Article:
Kiyo Wiesnoski, digital media analyst at Adlava, suggests segmenting your traffic into organic and paid. If your organic visitors tend to bounce, you’re likely providing a poor user experience. Look at your content and design to see if you can make any changes.
If your paid visitors are bouncing, it’s likely that you’re targeting the wrong audience. Time to head back to the ad-targeting drawing board.
Those aren’t the only options for traffic sources, though.
James Gardner, of MedTouch‘s market and business development team, also suggests looking at links from other sites. Is the context of the link outdated or inaccurate? Do what you can to get them updated.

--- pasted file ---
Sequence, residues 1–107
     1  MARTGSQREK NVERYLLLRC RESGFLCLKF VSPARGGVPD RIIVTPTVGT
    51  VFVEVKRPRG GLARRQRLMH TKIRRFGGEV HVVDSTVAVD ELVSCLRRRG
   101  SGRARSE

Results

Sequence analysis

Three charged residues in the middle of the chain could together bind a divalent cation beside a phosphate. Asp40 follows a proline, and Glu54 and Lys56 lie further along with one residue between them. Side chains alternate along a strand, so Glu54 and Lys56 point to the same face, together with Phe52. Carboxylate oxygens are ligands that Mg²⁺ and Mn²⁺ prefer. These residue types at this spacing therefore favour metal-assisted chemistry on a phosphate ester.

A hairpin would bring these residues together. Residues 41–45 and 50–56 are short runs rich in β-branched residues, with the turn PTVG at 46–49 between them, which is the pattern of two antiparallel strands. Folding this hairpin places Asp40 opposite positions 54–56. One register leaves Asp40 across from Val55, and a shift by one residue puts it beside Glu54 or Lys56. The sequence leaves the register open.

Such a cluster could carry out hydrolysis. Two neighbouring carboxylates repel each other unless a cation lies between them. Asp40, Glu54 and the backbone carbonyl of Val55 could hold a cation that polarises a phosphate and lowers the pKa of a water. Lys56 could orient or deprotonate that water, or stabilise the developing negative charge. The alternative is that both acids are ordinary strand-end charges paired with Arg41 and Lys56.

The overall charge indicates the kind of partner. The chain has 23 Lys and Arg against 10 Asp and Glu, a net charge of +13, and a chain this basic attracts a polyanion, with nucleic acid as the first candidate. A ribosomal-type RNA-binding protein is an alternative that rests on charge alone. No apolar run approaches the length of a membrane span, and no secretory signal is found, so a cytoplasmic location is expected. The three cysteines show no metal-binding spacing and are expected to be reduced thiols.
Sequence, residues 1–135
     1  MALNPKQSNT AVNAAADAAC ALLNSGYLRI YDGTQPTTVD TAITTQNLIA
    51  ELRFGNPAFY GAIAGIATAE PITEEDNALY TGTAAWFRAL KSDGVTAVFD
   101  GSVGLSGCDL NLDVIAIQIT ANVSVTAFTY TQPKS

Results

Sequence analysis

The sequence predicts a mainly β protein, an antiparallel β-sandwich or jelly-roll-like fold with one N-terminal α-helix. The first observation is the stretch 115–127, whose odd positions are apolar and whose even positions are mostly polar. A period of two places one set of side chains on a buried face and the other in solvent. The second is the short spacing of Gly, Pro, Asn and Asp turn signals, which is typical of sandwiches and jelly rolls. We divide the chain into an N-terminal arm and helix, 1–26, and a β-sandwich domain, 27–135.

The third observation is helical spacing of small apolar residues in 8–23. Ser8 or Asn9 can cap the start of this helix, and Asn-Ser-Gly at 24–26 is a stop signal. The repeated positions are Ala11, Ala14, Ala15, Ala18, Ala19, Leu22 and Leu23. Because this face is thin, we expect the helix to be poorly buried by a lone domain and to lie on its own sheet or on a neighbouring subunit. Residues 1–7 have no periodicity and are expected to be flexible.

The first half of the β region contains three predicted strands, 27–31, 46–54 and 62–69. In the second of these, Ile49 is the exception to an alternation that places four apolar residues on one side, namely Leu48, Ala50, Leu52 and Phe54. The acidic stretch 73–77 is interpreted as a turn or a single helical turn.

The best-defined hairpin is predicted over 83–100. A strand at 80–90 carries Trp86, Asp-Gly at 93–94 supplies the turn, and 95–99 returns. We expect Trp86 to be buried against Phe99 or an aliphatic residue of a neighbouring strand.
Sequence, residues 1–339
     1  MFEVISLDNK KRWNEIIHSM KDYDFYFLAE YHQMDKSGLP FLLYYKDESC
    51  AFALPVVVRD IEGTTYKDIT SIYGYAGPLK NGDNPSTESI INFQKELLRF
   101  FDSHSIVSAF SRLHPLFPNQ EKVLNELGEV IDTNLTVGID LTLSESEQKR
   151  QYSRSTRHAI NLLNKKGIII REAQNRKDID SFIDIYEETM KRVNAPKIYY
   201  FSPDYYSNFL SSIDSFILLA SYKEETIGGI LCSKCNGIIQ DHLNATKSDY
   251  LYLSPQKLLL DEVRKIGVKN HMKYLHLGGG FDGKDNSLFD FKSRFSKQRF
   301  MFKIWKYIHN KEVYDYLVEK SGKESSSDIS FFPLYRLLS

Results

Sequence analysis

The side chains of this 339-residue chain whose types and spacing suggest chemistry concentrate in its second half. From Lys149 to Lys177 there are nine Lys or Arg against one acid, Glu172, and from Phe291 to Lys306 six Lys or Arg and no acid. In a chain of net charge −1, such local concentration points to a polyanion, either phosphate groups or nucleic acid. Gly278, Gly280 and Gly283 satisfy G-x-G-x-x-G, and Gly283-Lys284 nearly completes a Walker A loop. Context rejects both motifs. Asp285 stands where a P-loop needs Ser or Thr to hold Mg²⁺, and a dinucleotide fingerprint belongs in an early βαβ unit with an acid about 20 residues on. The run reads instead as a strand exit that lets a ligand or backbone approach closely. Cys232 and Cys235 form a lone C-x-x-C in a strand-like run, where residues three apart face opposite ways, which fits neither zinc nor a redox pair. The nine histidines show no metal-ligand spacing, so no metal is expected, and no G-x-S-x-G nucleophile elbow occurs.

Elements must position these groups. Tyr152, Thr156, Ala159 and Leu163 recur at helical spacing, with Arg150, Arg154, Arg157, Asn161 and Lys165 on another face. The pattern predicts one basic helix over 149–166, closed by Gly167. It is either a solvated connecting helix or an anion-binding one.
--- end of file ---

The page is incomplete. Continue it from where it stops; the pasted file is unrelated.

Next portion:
He also recommends analyzing your ads to delete the ones that cause the most bounces. And tweaking the others to better target your audience. And for organic traffic bounces, making sure you have a logical next step and a good CTA.
Exit-intent pop-ups show a message when it looks like someone is going to leave your website, i.e. scrolls to the top of the browser window. This can be one last chance to grab their attention.
“Pop-ups can annoy some people,” says Colton De Vos, marketing and communications specialist at Resolute Technology Solutions. But they also give you “a chance to get your main message or value offer in front of people as they are leaving your website.”
Because it only appears when someone is showing exit intent, it doesn’t disrupt the browsing experience, says De Vos. (He also recommends using a quarter-page pop-up in the corner of the window if you don’t want to take over the entire page.)